No cheaper Teslas coming Minnie Mouse wears a pantsuit Neil Young pulls music from Spotify Robot performs keyhole surgery without human aid Pfizer, Moderna testing omicron vaccine Free N95 masks

Saudi Arabia announces BlackBerry ban

Country's telecommunications commission orders cell phone service providers to suspend service to the RIM handsets on Friday.

Research In Motion

Saudi Arabia has ordered the country's cell phone service providers to halt all BlackBerry services this week, the latest Mideast nation to announce moves to exercise greater control over data sent by the Research In Motion phones.

The country's Communications and Information Technology Commission (CITC) on Tuesday asked Saudi Telecom, Mobily, and Zain Saudi Arabia to suspend service to BlackBerry phones on Friday, the Saudi state news agency SPA said in a report detailed by Al Jazeera. The suspension was being implemented because BlackBerry service "in its present state does not meet regulatory requirements," the SPA said.

"CITC has informed the three mobile telecommunications providers more than a year ago of the need to quickly fulfill with the manufacturer of BlackBerry handsets the required regulatory requirements," it added.

RIM representatives did not immediately respond to a request for comment. The prohibition is expected to impact about 700,000 BlackBerry users in Saudi Arabia.

The announcement comes just days after Saudi Arabia's neighbor, the United Arab Emirates, announced it would block e-mail, instant messaging, and Web browsing on BlackBerry devices starting October 11 if it fails to reach an agreement with RIM to bring BlackBerry services in the region in line with UAE telecommunications regulations. The UAE has complained that the security used to encrypt the BlackBerry data violates its regulations and prevents it from monitoring such data in the name of national security.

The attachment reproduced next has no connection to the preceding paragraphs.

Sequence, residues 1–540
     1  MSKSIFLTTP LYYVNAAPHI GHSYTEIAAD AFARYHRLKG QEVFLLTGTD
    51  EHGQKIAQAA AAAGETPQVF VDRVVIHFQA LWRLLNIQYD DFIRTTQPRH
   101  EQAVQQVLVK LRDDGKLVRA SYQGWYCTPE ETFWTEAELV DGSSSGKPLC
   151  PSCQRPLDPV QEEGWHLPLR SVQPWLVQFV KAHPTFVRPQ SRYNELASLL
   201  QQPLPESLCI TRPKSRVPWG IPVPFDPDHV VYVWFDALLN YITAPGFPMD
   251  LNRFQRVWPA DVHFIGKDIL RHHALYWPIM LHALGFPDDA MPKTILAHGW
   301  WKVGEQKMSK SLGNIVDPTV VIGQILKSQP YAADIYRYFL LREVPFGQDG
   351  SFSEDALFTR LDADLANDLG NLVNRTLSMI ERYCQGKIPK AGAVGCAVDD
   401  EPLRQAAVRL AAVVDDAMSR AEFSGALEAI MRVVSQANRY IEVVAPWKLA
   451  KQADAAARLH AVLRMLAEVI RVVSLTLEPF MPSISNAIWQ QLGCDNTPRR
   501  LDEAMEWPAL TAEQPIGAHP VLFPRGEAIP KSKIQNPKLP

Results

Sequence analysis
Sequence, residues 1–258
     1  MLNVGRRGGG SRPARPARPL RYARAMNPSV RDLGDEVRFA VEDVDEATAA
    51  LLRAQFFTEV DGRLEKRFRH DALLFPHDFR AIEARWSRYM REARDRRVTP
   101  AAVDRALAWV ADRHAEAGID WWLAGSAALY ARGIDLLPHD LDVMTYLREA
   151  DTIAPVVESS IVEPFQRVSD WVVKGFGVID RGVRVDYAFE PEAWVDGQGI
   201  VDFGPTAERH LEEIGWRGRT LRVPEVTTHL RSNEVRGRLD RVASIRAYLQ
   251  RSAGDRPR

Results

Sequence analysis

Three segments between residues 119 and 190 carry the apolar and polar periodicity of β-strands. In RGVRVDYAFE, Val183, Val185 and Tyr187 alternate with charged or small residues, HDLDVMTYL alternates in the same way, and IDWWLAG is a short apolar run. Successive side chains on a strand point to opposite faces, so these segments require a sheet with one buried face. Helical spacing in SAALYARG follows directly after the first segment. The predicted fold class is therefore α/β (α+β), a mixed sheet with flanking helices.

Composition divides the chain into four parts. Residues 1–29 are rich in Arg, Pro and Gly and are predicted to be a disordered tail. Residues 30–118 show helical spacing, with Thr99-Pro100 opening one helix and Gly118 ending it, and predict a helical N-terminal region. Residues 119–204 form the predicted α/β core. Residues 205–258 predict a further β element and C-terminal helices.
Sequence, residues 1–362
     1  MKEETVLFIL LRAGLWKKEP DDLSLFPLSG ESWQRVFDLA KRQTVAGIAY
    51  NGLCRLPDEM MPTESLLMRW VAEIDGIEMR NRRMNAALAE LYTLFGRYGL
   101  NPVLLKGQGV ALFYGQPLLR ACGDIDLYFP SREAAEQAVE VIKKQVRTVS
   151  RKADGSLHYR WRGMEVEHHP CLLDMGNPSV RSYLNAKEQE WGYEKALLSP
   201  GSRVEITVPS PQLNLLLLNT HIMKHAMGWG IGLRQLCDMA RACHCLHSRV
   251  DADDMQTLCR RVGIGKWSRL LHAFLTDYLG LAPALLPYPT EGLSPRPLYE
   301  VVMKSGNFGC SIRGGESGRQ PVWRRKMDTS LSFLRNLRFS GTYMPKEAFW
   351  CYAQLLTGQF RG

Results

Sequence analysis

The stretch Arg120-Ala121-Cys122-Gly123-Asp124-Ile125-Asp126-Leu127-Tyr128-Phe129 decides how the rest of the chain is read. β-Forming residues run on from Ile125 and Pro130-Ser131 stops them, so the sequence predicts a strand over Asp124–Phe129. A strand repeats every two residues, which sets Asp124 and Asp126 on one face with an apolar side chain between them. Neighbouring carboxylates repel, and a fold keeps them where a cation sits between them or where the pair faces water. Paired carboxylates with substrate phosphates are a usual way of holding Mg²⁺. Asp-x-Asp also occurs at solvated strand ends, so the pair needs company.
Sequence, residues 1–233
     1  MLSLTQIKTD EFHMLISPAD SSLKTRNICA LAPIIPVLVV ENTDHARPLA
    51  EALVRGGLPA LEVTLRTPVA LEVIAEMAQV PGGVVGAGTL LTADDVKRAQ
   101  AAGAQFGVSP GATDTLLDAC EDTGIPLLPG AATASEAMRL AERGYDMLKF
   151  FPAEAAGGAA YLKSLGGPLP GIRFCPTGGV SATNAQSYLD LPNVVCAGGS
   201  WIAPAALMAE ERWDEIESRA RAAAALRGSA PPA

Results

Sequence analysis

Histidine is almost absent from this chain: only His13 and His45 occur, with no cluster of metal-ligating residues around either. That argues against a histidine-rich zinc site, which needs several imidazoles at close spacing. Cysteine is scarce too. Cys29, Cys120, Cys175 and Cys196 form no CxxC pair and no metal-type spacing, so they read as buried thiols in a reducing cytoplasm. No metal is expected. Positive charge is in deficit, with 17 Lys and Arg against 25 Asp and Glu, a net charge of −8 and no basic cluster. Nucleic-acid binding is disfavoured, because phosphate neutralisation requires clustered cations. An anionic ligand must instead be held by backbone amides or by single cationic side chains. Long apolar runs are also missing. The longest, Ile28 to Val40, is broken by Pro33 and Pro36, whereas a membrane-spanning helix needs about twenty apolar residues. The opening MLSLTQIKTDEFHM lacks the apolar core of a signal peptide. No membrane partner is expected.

In a statement Tuesday responding to the UAE's threats, the company explained that data on its BlackBerry Enterprise Server network is encrypted so that no one, not even RIM, can access it. RIM added that it would be unable to "accommodate any request for a copy of a customer's encryption key since at no time does RIM, or any wireless network operator, ever possess a copy of the key."

"Any claims that we provide, or have ever provided, something unique to the government of one country that we have not offered to the governments of all countries, are unfounded," it said.

RIM has been in talks with India over similar concerns, but a RIM spokesperson denied published reports that it had granted that government access to e-mail and data surveillance.

"We respect the requirements of regulatory bodies in terms of security, but we also look at the customer's need for privacy," RIM's India spokesperson told the Associated Press.